After more than twelve years of drafting, reviewing, and several name changes, the Family Relationship Bill was presented by Acting Premier Hon. Sauni Tongatule at the sitting of the Fono Ekepule on Wednesday last week.
The draft Family Relationship law passed the first reading and was referred to the Bill’s Committee
The purpose of the Family Relationship law is to:
(a) to consolidate and simplify the law relating to marriage, and to provide for—
(i) no-fault divorce; and
(ii) the recognition of de facto relationships; and
(iii) a default position of a 50:50 division of assets when a marriage or de facto relationship ends; and
(iv) various forms of financial support to spouses and partners:
(b) to confirm that the best interests of the child are the paramount consideration in all matters relating to parenting and the care and protection of children:
(c) to confirm the responsibilities of parents to their children, and to update the law relating to adoption and guardianship:
(d) to provide the Secretary to Justice with powers to arrange for the care of children in need of care and protection:
(e) to provide a mechanism for the ongoing care of elderly parents whose children do not provide the care and support they need:
(f) to provide effective mechanisms to protect the victims of domestic violence.
If passed in its current form, the Family Relationship law will update and repeal very old laws such as Part 4 of the General Laws Act 1968 on ‘Offences Injurious to Public Morality’ in relation to married people having affairs, and scandalous conduct is also known as ‘Mau Pouli’ which if enforced, offenders will be charged and can pay a fine of $50 for offending public morality.
The Family Relationship law contains 128 sections with six main parts.
Part one contains three sections stating the preliminary matters and the purpose of the bill. Part two contains three sub-parts with marriage, de-facto relationships, and property and financial support.
The care of children and family welfare takes up two parts of the Family Relationship law and the inclusion of the first domestic violence law in Niue in part five of the bill.
During the discussions in the Fono, there were two main issues that the members mostly referred to and wanted more time for the people to have their say, on the rights given to people in de facto relationships known in Niue as ‘mau pouli’ and the implications on the adoption of children from outside the family lineage.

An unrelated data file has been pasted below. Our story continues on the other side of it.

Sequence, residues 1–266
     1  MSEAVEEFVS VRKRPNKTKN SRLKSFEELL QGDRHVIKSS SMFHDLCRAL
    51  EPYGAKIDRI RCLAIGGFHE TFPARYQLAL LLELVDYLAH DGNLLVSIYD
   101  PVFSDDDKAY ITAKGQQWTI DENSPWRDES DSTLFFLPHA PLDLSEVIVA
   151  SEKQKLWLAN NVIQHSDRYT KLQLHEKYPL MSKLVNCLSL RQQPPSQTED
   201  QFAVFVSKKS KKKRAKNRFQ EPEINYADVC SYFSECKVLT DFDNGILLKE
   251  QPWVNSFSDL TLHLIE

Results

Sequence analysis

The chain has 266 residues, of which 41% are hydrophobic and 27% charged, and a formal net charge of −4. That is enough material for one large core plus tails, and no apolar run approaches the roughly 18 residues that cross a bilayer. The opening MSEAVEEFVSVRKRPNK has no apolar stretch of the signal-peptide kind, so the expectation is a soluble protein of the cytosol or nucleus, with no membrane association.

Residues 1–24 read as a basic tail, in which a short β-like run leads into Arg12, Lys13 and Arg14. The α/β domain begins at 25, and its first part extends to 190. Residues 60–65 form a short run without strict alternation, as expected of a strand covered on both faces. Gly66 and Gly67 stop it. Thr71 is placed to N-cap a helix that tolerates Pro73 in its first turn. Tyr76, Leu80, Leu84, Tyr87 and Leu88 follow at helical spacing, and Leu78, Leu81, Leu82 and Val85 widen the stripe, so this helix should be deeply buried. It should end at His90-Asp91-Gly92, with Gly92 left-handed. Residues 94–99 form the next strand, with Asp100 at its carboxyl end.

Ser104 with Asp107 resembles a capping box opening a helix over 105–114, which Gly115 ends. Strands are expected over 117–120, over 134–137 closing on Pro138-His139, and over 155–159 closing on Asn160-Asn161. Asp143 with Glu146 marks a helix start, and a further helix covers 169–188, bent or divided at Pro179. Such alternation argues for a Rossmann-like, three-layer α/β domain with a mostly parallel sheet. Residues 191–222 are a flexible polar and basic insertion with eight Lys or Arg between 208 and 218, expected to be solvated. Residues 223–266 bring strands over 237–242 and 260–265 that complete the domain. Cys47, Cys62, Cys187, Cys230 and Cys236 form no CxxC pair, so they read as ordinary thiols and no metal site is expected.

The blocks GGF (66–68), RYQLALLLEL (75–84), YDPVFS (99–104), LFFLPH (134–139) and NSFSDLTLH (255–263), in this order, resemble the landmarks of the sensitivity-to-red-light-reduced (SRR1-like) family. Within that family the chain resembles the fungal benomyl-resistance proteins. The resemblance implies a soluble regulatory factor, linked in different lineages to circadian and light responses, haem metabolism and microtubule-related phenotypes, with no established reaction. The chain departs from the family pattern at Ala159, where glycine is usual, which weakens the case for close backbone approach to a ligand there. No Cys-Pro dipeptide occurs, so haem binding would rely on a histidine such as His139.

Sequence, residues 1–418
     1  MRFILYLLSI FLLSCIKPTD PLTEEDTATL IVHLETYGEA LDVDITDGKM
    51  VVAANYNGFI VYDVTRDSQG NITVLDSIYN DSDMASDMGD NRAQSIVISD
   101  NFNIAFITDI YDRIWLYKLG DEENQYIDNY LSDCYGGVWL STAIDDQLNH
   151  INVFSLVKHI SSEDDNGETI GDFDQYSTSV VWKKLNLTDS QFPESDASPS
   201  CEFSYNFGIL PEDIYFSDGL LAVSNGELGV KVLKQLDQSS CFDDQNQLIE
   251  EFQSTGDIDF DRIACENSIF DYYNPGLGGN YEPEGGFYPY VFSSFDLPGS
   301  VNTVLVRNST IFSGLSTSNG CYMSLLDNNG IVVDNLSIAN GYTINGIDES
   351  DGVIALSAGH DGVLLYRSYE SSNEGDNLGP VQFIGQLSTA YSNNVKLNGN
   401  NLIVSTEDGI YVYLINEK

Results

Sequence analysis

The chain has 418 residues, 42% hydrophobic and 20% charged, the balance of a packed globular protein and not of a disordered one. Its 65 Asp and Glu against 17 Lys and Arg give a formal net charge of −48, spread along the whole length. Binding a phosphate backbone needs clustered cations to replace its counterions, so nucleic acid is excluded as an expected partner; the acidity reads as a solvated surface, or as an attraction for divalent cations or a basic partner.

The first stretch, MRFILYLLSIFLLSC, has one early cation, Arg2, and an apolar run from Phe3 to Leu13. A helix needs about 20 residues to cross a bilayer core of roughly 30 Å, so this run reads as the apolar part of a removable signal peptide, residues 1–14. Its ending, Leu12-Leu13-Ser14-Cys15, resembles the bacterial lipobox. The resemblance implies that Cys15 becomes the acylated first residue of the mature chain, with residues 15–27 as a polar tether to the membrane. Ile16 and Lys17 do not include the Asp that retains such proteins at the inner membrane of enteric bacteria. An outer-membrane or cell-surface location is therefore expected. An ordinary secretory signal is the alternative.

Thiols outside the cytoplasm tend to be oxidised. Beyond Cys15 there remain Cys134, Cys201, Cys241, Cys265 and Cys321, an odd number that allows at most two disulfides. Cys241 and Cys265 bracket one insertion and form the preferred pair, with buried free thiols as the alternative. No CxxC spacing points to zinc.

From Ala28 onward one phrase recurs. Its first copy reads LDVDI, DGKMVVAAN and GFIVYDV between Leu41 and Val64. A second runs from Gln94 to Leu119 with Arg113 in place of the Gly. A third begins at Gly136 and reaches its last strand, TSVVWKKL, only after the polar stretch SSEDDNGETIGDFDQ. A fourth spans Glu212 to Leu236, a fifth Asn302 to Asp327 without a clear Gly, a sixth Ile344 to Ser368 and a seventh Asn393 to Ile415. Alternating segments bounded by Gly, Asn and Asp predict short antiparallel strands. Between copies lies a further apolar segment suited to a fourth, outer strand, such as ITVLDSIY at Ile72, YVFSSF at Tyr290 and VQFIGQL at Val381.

Veteran Common Roll member Terry Coe and the member from Avatele Pita Vakanofiti want the bill to be taken to the people first and allow an appropriate time for the people and the villages to discuss the merits of the bill.
Former Police prosecutor, now the Assemblyman of Mutalau, Makaseau Ioane raised concerns about the provisions in the bill giving authority to certain government officials and community leaders. Ioane believes that the authority to determine the matters of the family relationships law should only be determined by the court system.
Member from Lakepa John Tiakia said that he can see both the good and the bad in the draft law, but it is important that the bill is now before the parliamentary process. He does have concerns that the law is not used to remove children from their families as was seen with family laws in New Zealand.
Alofi North MP Tukuitonga raised issues in the old 1969 law with respect to the limitations of adopting from outside the family and how this Bill will address those issues, something the member said, also impacted her family.
Minister of Natural Resources Hon. Mona Ainuu said that this is a significant piece of legislation and has taken a very long time to reach the Fono but she has confidence in the parliamentary process to discuss this bill and allow the Bills committee to do their work. Hon Ainuu said that she will not expect this bill to drag on any further because this law will have a positive impact on all families.
If this Bill is passed into law, it will effectively repeal the following laws;
- Adoption Act 1955 (see sections 35 and 37 of Family Law Code 2007)
- Guardianship Act 1968 (see sections 38 to 68 of Family Law Code 2007)
- Niue Act 1966, section 69, Parts 21 to 23 (see sections 1 to 13, 15 to 26, 69, and 87 to 116 of Family Law Code 2007)
- Niue Amendment Act (No 2) 1968, Part 8 (see sections 29 to 34, and 36 of Family Law Code 2007)
- Property Law Act 1952, section 133 (see section 14 of Family Law Code 2007)
- Marriage Regulations 1970